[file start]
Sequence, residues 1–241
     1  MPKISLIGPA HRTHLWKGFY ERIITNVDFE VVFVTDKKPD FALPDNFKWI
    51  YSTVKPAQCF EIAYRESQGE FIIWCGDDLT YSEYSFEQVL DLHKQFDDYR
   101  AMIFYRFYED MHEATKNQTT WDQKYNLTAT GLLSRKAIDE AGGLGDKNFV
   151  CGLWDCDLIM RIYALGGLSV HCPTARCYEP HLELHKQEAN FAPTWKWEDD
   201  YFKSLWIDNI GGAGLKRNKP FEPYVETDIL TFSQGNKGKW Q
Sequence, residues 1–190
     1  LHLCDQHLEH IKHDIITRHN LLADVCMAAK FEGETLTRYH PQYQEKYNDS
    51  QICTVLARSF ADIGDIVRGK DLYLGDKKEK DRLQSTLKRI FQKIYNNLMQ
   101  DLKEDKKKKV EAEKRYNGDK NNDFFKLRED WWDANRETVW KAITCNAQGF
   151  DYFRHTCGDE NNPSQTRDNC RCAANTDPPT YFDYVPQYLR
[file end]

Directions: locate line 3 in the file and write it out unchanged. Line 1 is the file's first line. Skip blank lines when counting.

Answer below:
    51  YSTVKPAQCF EIAYRESQGE FIIWCGDDLT YSEYSFEQVL DLHKQFDDYR